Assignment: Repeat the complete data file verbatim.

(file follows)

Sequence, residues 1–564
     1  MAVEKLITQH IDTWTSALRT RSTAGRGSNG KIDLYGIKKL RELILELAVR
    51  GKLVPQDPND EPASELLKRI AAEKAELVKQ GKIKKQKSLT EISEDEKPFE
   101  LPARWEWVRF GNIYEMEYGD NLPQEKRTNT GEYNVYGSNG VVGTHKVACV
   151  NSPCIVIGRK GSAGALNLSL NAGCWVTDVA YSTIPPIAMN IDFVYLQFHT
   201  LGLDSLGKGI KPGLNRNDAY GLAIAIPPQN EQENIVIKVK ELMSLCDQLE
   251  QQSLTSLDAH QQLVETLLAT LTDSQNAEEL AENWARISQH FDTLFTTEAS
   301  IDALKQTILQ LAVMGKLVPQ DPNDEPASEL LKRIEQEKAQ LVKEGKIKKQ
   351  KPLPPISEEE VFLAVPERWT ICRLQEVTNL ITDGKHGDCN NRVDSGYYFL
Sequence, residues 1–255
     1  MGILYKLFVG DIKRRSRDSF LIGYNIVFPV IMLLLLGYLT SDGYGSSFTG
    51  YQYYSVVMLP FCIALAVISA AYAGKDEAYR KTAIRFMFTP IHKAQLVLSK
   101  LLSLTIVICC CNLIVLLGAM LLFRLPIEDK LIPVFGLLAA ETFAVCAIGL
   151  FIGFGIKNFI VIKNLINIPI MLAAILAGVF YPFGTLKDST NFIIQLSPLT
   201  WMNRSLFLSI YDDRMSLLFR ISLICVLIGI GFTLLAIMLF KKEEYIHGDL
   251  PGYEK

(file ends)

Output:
Sequence, residues 1–564
     1  MAVEKLITQH IDTWTSALRT RSTAGRGSNG KIDLYGIKKL RELILELAVR
    51  GKLVPQDPND EPASELLKRI AAEKAELVKQ GKIKKQKSLT EISEDEKPFE
   101  LPARWEWVRF GNIYEMEYGD NLPQEKRTNT GEYNVYGSNG VVGTHKVACV
   151  NSPCIVIGRK GSAGALNLSL NAGCWVTDVA YSTIPPIAMN IDFVYLQFHT
   201  LGLDSLGKGI KPGLNRNDAY GLAIAIPPQN EQENIVIKVK ELMSLCDQLE
   251  QQSLTSLDAH QQLVETLLAT LTDSQNAEEL AENWARISQH FDTLFTTEAS
   301  IDALKQTILQ LAVMGKLVPQ DPNDEPASEL LKRIEQEKAQ LVKEGKIKKQ
   351  KPLPPISEEE VFLAVPERWT ICRLQEVTNL ITDGKHGDCN NRVDSGYYFL
Sequence, residues 1–255
     1  MGILYKLFVG DIKRRSRDSF LIGYNIVFPV IMLLLLGYLT SDGYGSSFTG
    51  YQYYSVVMLP FCIALAVISA AYAGKDEAYR KTAIRFMFTP IHKAQLVLSK
   101  LLSLTIVICC CNLIVLLGAM LLFRLPIEDK LIPVFGLLAA ETFAVCAIGL
   151  FIGFGIKNFI VIKNLINIPI MLAAILAGVF YPFGTLKDST NFIIQLSPLT
   201  WMNRSLFLSI YDDRMSLLFR ISLICVLIGI GFTLLAIMLF KKEEYIHGDL
   251  PGYEK